Snapshots and Photographic Artwork
Yesterday I visited a nearby beach, and while I was mostly taking pictures with my DSLR, I also took a quick snapshot of the sunset with my phone. I posted it to Facebook, and many of my friends liked it. Here is the image I posted:
I wanted to talk a little bit about the differences between snapshots, like the one I took with my phone, and the artwork I can create from the so-called raw images I capture in my DSLR. I should mention, that there are lots of artists who create beautiful art pieces from their phone shots using apps on their phones. I don’t do this.
First of all, I was able to create the above shot because I had planned a beach visit with the perfect timing for photos. I got lucky with the clouds, but the low tide I had known about, and this trip to the beach had been planned for a few weeks. If you happened to be there and turned your phone or point and shoot camera towards the sky, you probably would have taken a similar image. Maybe I composed it a bit better than others, but here is the reason why: I was standing at this place, because I had carefully searched for a spot to take images from. As I was taking many well planned shots with my “big camera”, I also created this quick snapshot with my phone.
Now, let’s get back to the planned shoot. I had done my research about the low tide (with my favorite iPhone app called Tide Graph), and I also checked on the sunset time. For this, you can just do a quick search on the web, or use an app called TPE. Yesterday, these two lined up pretty well, and I went to a beach I had recently discovered in Laguna Beach, Wood’s Cove. I’ve learned about this beach when I was scouting for new locations for my fine art children’s and family portraiture (Inspired by Now Photography.) My plan also included using long exposure times for the images, because I wanted to show the water silky and smooth. I used an ND filter to achieve this. Having clouds in the sky was the only thing I couldn’t plan for; I just got lucky yesterday.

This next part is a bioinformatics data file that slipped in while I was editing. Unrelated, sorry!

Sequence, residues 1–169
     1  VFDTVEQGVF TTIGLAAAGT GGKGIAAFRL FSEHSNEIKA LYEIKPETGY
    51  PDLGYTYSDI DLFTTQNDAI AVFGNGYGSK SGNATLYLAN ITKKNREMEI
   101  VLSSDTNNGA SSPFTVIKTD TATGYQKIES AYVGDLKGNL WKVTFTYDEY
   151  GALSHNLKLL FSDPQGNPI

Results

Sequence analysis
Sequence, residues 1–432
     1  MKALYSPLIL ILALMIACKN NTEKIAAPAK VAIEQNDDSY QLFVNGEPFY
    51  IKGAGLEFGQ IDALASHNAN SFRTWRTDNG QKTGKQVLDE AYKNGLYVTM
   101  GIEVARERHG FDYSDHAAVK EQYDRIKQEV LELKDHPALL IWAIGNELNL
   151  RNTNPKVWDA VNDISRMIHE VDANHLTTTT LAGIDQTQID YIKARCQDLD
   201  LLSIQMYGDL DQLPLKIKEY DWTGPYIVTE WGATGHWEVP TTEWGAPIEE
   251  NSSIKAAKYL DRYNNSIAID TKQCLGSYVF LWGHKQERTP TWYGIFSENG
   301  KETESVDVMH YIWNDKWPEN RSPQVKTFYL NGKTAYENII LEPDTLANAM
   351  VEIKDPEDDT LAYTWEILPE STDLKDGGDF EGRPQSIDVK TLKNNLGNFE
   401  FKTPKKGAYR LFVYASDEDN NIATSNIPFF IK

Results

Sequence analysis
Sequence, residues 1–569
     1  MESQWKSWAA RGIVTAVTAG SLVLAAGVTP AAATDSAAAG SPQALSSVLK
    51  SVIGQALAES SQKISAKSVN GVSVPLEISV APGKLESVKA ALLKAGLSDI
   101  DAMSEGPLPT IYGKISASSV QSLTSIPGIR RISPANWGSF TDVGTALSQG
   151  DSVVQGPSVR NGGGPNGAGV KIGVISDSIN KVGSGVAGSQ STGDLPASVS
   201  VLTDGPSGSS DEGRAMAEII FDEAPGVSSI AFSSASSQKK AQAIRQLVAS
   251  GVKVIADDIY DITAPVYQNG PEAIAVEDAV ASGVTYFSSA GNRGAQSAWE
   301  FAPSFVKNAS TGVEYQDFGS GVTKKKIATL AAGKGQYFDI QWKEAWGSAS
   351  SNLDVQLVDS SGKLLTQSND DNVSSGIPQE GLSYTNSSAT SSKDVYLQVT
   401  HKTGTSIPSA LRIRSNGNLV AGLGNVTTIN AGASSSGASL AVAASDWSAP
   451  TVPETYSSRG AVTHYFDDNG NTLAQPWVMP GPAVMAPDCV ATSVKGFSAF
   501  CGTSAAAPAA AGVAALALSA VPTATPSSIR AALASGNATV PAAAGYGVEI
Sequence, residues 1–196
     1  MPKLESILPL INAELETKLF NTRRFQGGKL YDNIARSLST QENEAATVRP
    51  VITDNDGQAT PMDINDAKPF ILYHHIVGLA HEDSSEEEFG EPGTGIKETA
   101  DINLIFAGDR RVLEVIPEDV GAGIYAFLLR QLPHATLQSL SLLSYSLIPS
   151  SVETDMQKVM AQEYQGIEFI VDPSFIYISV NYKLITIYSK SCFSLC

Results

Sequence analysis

I came home with a few pictures that I wanted to post-process. I browsed through the images and chose some that 1. I thought had a good composition, 2. the water looked silky and pleasing, and 3. had both nice clouds and cloud reflections. Here are the two images in their original, RAW format (if you are used to seeing only jpg-s, these images will probably look really blah to you – and I agree; they are. RAW image files must be post processed.)
I chose two originals to create one final image, because I preferred the sky in the second one, but everything else in the first one. I composited them.
For this one, I only used one original:
My post-processing workflow includes using different kinds of software (Lightroom, Photoshop, On1 Raw, Topaz). Most of my work includes steps that change/enhance the image in a certain, pre-visualized way – like making parts lighter or darker, changing the vibrance, etc. But at a certain point, when I feel I did all the steps to reach an image I like, I switch over to more of an experimental mode. I use Topaz Impressions and texture blending this way. I know what feel my final image needs to have, and I keep trying out different looks until I see THE ONE. In the case of these images, it took me a minimum of 2 hours for each to achieve the final look. My main goal with my fine art photographs is not to give the viewers a true to life, journalistic image, but rather something that conveys the feelings I had when I was experiencing the scene. It all looked like a beautiful painting to me in real life, and my final images portray this. I hope you like them – I absolutely love the outcome.
To end this post, let me place the snapshot and my finished artwork (both were taken within seconds of each other) side by side to illustrate the difference:
If you are a photographer, do you take RAW images or jpg-s? What post-processing software do you use? Do you completely pre-visualize your final artwork, or do you do some experimentation?